1. Picking supplements is hard because quality isn't always guaranteed. One has to be careful not to buy capsules of sawdust :-) There is also a difference between isolated nutrients, nutrients produced in a lab or whole food extracts.

  15. I currently have Wynston and Joey on joint support supplements. Joey has a disability called radial hypoplasia so I've had him on supplements for years. I always like hearing about supplements that are working for other pet parents.

  16. I haven't needed supplements for the girls yet, but I'll double check your recommendations as they relate to cats if I ever need to.

    1. I can't comment on what supplements cats might need; not familiar with cats. But in dogs, I believe every dog should get some extra omega-3 fatty acids even if not supplementing anything else.

  17. I'm glad she is improving! It looks like you have thoroughly researched on what to give her. Simba isn't on anything at the moment.

    1. Yes, she seems to be doing quite well. I did put a lot of work into choosing what to add to her food to help the body out where it needs.

  18. I am a super fan of Standard Process! I'm on an NRT (nutritional response testing) program for my own RA and Fibromyalgia and use all SP. I also have a relative whose German Shepherd has severe hip displaysia and has gone on the NRT with SP supplements, and the difference is amazing! For my own Huskies, I also use Dasuquin and Omega-3. Plus Alenza for whole-body comofort and I was able to take one of them off of pain meds! I now have all of my Huskies on it as well. I also did cold laser therapy for my Gibson. Cookie is a beauty and I hope your regimen works well for her. I did non-invasive and alternative with my Gibson and he did really well!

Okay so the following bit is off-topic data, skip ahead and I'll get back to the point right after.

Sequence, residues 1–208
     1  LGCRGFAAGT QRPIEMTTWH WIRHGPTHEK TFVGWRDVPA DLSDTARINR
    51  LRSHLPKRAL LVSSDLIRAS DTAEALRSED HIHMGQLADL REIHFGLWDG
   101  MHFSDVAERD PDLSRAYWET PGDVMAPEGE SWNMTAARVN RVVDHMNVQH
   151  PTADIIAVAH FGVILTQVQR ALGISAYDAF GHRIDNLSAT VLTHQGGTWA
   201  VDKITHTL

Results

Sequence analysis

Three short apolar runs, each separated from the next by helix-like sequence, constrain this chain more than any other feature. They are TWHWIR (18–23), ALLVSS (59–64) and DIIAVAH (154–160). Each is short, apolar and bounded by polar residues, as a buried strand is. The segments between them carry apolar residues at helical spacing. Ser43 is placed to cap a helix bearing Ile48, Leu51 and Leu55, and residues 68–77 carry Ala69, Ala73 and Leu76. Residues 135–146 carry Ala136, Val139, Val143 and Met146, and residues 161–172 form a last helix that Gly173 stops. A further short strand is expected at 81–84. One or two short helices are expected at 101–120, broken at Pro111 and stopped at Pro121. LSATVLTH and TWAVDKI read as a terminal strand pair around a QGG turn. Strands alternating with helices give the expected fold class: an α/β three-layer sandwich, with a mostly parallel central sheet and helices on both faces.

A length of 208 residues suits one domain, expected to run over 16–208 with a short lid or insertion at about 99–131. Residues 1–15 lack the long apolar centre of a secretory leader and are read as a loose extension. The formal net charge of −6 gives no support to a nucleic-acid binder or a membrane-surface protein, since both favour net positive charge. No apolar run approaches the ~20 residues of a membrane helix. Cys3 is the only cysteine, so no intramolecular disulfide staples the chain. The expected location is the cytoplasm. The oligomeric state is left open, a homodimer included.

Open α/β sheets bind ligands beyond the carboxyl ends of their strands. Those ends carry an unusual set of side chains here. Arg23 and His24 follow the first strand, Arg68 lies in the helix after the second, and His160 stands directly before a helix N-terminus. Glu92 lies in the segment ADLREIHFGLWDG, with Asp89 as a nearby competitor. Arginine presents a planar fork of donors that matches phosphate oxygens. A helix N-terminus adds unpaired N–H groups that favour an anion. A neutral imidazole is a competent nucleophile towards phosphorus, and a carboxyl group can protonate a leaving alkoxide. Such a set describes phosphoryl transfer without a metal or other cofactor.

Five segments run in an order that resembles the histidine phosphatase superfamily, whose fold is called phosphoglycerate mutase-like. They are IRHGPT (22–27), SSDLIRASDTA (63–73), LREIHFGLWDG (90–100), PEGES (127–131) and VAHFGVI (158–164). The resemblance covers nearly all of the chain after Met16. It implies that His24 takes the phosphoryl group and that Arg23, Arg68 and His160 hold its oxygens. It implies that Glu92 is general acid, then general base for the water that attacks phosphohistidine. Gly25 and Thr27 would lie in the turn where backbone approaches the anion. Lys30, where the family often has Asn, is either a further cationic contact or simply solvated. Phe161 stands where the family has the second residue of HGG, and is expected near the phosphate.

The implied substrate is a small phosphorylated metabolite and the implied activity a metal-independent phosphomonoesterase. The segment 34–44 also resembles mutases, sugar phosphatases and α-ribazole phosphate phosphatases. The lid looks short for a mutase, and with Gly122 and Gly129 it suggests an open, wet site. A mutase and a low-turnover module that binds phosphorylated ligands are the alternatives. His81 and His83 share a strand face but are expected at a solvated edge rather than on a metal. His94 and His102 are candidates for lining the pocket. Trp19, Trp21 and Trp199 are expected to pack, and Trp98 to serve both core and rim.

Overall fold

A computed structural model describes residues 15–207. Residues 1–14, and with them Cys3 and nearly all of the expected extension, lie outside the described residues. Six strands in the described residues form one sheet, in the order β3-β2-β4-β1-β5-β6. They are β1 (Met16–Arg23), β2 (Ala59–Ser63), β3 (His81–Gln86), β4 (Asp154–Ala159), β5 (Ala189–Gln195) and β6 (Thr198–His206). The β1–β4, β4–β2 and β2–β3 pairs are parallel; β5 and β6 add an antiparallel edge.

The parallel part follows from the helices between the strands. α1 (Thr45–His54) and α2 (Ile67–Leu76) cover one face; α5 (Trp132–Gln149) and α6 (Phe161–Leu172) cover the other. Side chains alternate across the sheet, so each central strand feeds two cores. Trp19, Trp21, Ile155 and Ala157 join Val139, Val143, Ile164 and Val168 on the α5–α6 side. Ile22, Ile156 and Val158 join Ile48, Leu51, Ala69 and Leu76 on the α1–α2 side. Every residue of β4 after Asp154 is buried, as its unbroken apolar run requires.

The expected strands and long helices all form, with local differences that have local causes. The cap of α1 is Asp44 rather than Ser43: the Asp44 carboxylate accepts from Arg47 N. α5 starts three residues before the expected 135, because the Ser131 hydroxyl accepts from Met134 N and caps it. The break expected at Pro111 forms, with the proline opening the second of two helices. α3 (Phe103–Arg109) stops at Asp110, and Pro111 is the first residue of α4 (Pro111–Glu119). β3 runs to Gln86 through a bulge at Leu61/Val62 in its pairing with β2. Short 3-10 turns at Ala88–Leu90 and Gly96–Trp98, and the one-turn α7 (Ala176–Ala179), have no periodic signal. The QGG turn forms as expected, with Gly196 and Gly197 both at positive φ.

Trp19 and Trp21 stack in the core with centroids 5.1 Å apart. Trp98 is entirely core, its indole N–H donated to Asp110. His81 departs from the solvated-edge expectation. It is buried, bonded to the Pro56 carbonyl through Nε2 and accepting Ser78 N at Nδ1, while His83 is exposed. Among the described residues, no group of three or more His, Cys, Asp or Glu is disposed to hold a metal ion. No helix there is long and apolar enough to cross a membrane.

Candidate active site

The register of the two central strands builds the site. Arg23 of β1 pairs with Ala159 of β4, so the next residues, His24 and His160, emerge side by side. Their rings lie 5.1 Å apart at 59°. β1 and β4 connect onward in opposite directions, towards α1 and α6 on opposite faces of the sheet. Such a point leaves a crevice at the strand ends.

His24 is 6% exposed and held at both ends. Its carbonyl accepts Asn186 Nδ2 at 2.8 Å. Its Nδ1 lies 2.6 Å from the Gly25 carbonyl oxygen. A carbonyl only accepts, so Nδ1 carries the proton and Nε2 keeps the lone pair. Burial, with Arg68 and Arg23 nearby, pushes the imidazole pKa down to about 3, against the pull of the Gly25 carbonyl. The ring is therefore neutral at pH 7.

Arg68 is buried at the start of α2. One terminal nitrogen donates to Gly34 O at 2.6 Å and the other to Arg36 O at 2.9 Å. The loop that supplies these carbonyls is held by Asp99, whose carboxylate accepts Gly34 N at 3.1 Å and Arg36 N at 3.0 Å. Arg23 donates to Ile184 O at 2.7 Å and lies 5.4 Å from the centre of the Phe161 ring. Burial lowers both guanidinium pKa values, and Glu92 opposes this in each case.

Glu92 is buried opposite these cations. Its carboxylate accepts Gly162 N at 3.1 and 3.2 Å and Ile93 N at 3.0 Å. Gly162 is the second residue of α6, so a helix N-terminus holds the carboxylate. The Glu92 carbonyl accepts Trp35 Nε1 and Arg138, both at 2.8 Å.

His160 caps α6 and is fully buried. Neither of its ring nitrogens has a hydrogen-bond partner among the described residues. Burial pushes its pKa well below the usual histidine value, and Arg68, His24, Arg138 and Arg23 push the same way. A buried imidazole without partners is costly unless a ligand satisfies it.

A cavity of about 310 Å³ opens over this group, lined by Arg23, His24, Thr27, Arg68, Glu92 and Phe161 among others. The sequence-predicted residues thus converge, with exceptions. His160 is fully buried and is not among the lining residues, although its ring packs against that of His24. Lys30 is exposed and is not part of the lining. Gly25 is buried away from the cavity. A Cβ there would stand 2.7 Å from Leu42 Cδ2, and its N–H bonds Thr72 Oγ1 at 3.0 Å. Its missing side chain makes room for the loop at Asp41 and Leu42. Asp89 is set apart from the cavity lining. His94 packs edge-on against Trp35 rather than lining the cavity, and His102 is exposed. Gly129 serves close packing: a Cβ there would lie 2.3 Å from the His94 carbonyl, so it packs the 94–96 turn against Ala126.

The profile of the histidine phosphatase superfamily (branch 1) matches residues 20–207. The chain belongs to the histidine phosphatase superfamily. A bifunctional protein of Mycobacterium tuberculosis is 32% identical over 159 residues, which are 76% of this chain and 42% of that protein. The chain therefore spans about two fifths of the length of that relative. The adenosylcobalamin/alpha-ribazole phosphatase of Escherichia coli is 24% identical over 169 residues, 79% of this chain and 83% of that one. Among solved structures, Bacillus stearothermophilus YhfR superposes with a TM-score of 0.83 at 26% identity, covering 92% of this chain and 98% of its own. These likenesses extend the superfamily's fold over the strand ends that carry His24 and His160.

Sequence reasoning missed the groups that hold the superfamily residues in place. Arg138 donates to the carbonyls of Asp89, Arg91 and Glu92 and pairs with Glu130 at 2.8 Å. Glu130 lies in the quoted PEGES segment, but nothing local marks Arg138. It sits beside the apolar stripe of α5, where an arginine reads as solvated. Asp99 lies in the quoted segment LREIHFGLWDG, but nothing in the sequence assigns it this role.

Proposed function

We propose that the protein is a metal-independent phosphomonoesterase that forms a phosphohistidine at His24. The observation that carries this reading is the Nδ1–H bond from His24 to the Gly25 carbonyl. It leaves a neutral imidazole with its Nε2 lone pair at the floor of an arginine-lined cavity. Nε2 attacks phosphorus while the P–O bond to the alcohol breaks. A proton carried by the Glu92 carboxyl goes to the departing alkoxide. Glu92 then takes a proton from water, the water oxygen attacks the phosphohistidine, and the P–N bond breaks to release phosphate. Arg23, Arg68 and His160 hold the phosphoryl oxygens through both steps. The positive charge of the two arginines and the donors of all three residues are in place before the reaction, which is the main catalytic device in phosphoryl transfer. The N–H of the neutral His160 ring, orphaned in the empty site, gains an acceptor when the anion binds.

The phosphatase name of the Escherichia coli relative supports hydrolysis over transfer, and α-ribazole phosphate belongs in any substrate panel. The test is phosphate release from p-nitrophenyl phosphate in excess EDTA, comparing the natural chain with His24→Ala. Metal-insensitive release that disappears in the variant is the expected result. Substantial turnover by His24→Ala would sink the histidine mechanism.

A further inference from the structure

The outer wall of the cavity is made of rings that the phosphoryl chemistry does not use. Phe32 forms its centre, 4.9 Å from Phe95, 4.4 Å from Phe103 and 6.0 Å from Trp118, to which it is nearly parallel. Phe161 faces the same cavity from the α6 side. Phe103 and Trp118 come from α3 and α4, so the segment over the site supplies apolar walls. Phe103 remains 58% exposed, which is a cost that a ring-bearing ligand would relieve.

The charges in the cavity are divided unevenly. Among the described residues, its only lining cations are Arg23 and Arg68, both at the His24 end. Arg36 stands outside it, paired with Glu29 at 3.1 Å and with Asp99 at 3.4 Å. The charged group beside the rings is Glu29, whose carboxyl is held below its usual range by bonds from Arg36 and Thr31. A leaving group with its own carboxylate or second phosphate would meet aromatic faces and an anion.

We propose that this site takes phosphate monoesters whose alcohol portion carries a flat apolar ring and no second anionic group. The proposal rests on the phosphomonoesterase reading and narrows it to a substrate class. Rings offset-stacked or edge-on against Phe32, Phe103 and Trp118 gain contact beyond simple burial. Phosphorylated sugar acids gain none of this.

1. Thank you, she is a beauty :-) Glad your guys are responding well to their supplementation too!

  19. I'm glad that there are alternative therapies available to Cookie! Nelly takes a joint supplement even though she doesn't actually have a joint on her bad leg. Part of her femur was removed years ago, so there is no ball in the socket of her hip.

    1. I'm glad Nelly is doing well with her FHO. Even though that joint isn't there, I'm sure the other joints appreciate the extra TLC.